Parshas Netzavim 5776
Candle Lighting Time: 6:26 pm
September 30, 2016
Volume 12 Issue 36
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Dvar Torah

Here To Stay 
  By Rabbi Dov Greer

Moshe, in the beginning of this week's parsha, Parshas Nitzavim, gathers the entire Jewish nation for a final address prior to his petirah. All are entered into a covenant with Hash-m as Klal Yisroel readies for crossing the Jordan River and settling in Eretz Yisroel. 
Parshas Nitzavim is always read in Shul on the Shabbos immediately preceding Rosh Hashana. The opening words of the parsha, "Atem Nitzavim", 'you are standing', evoke a timely message as we prepare for Rosh Hashana. As we listen in Shul this Shabbos to the words "atem Nitzvaim", one can almost visualize standing with trepidation before the Supreme Judge on Rosh Hashanah. The pasuk enumerates all the different social strata of our nation, from its leaders and elders to those who work in the lowliest trades. Everyone, with no exception, will come before Hash-m on "yom hadin", review his or her actions of the past year, and beseech Hash-m for a new beginning and a year of only good, dedicated to His service.

The Medrash Tanchuma, analyzes the choice of the word "nitzavim", as opposed to the more common word, "omdim", in expressing that we stand before Hash-m as one. A "matzeiva" indicates a permanent, immutable object poised to remain for eternity without change or alteration. Throughout the Torah, individuals constructed a "matzeiva" to remember an important event or to enshrine a covenant. 'Nitzavim' would connote a similar concept- a symbol of perpetuity.

Moshe declared to the Jewish nation, "Atem Nitzavim": you are a permanent, everlasting nation, and an ongoing testimony to the sovereignty of Hash-m and Klal Yisroel's role as His chosen people. Despite all the troubles you may undergo and the exiles you will suffer, you will never cease to endure. Through his use of the word "Nitzavim", Moshe made Klal Yisroel a "matzeiva", a permanent people dedicated to serving Hash-m and expressing His dominion to the nations of the world. While other nations can be obliterated, the Jewish people will always exist.

Both emotions emanating from the phrase "Atem Nitzavim" prepare us for Rosh Hashana and should be our focus this Shabbos. We await with awe and concern the day when "all creatures in the universe pass before Hash-m" and their fate for the upcoming year is written and sealed. Yet, we also recognize with joy our special relationship as the nation of Hash-m who have the privilege to fulfill the commandments of the Torah.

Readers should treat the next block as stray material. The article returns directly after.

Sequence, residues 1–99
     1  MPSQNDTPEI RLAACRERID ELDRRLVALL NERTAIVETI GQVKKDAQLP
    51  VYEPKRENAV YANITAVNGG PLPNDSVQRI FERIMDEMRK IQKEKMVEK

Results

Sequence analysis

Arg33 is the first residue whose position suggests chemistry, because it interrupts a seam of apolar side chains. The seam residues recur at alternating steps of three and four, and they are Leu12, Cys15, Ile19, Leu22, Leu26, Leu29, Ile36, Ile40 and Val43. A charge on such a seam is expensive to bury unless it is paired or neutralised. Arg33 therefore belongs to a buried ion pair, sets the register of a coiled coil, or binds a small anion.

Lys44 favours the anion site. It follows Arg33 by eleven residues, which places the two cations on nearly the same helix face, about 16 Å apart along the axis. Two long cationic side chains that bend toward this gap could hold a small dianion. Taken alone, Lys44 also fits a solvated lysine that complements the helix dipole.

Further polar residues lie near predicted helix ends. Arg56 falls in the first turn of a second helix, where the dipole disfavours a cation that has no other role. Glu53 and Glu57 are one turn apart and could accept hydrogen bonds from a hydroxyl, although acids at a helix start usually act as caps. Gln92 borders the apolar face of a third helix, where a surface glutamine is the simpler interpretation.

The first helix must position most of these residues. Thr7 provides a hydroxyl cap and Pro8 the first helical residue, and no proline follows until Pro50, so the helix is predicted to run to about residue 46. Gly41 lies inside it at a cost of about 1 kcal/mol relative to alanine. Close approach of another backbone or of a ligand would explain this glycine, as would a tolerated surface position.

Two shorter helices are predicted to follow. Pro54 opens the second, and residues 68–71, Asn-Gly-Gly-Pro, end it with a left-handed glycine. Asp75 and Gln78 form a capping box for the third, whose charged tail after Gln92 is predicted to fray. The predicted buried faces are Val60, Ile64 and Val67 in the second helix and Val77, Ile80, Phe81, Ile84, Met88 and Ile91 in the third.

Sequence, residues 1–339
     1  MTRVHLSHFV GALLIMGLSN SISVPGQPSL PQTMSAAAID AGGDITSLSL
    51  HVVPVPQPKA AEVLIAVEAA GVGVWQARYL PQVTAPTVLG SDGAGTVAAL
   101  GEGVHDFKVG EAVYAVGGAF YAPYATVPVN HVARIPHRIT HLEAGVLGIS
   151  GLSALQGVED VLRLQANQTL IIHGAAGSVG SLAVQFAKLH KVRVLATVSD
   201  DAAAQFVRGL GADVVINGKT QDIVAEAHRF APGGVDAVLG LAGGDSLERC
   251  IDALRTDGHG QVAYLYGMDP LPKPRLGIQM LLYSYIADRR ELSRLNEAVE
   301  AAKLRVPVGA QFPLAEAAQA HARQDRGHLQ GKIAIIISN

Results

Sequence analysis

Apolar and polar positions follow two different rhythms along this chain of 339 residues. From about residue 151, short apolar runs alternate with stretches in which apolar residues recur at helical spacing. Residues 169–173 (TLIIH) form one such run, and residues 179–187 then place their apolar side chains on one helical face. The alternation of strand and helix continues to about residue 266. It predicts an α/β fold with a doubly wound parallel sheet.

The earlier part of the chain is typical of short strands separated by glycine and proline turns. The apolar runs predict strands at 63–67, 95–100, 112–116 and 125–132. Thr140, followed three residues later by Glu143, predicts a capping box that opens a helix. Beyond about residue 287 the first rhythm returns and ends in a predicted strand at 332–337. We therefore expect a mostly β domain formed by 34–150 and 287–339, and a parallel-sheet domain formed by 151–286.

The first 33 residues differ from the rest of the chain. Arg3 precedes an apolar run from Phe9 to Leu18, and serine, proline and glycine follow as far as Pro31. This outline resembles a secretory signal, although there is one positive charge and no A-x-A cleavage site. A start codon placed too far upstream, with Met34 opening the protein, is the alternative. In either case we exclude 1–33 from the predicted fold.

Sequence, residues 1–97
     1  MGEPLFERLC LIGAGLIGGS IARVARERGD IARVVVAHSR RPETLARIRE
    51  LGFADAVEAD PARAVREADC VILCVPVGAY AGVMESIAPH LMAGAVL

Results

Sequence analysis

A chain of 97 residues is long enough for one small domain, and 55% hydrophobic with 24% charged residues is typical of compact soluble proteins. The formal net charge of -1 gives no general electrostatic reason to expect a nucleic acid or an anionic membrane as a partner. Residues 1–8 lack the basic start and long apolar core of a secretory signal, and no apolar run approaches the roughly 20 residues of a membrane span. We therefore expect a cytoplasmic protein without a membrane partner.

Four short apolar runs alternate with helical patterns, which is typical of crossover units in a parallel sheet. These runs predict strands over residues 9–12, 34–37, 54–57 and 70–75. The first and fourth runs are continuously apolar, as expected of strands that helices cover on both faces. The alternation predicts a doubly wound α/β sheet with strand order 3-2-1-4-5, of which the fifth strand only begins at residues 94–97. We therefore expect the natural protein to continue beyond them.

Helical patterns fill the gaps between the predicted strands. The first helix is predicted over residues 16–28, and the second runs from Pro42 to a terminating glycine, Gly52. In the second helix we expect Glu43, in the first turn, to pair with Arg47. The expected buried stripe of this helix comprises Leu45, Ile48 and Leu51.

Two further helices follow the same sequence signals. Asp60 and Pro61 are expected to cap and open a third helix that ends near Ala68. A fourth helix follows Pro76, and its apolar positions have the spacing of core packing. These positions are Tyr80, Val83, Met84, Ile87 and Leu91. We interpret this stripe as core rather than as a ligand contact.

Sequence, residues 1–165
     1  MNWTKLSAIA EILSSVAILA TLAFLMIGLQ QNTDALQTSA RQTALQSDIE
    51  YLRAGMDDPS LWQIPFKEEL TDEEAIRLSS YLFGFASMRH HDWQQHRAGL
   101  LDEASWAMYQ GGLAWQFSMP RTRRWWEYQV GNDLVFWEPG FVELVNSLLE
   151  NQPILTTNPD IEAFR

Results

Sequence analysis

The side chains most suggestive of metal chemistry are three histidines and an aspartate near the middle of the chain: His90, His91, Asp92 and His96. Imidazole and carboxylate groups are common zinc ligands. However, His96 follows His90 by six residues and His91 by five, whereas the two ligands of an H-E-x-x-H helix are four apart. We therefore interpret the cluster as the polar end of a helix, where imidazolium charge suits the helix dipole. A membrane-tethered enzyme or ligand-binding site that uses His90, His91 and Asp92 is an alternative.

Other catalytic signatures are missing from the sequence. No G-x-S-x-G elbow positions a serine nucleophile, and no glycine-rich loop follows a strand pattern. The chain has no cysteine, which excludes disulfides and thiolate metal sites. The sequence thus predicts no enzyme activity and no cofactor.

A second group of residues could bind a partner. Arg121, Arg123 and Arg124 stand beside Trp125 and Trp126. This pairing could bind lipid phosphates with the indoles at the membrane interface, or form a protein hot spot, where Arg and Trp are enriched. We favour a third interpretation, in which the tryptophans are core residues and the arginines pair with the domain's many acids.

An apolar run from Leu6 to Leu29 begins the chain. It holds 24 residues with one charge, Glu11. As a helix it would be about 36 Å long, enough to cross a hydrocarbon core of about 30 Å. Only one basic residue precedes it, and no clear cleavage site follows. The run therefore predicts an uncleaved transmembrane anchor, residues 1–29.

We find comfort with the assurance that we will last through the vicissitudes of history despite all hardship and are confident that we will always be in a state of "nitzavim". This feeling allows us to be certain that we will be sealed for a good and sweet year.


 
Dvar Halacha
 
Laws of Teshuva
By Rabbi Yochanan Eskenazi
 
With the approaching Yomim Norayim thoughts of doing a proper teshuva (repentance) is at the front of many people's minds.  Many times we sin and regret our choices; we truly want to do teshuva, but are not aware of how to properly accomplish this.
 
It is important to mention, teshuva is a mitzvas asei me'doraisa (Biblical commandment). The Torah [Bamidbar 5:7] says "V'hisvadoo es chatosum asher asu" (and they shall confess their sin which they committed).  Just as with other mitzvos, the only way to keep it properly is to know the halachos of the mitzvah [e.g. it is impossible to properly keep the mitzvah of Shabbos without the knowledge of Hilchos Shabbos (See Introduction to Mishneh Berurah vol. 3)], the same is true regarding the mitzvah of teshuva.
 
The Rambam [Hilchos Teshuva 2:7] writes that even though there is a mitzvah to do teshuva each day of the year, on Yom Kippur one is required to do teshuva.  Therefore, if one did not do teshuva on Yom Kippur, he has violated a mitzvas asei (see also Sefer Hachinuch 364).
 
The Mishnah [Yoma 85b] teaches that Yom Kippur atones for sins between man and Hashem, however not sins against one's fellow man.  Therefore, one who wronged someone is obligated to appease him (Shulchan Aruch 606:1).
 
It is important to note, if someone wronged another person, in addition to violating a mitzvah of bein adam l'chaveiro (interpersonal relationships), one has also violated a mitzvas bein adam l'makom (between man and G-d).  Therefore, even if one appeased the other person, one is still obligated to repent on the bein adam l'makom aspect of the aveira (Rambam Hilchos Teshuva 1:1, Shaarei Teshuva 1:45 & Shulchan Aruch 606:2).
 
One is only obligated to appease his fellow man if one caused damage to him (Sefer Chafetz Chaim Lashon Hara 4:12 quoting Shaarei Teshuva 207).  For instance, if one said something insulting about someone, however, it was not in front of him [and therefore he was not insulted], nor did it lead to any damage, etc. he would not need to ask forgiveness.  
If one did cause harm to someone, even if that person did not know about it, one is obligated to ask for forgiveness (Sefer Chafetz Chaim 4:12).  Therefore, if someone said rechilus (literally means bearing tales from one to another) about someone, if he sees the listener believes him, one is required to ask forgiveness from who he spoke about, because this most probably resulted in some form of damage etc. (Sefer Chafetz Chaim 2:4: BM"C 4).
 
If one wronged a katan (minor) the custom is to ask forgiveness.  Additionally, when the katan reaches adulthood (13 year old boy or 12 year old girl), one is obligated to ask him again, since a minor's forgiveness, is not a halachically binding (Koveitz Halachos [Piskei Harav Shmuel Kamenetsky, shlit"a] 25:17).


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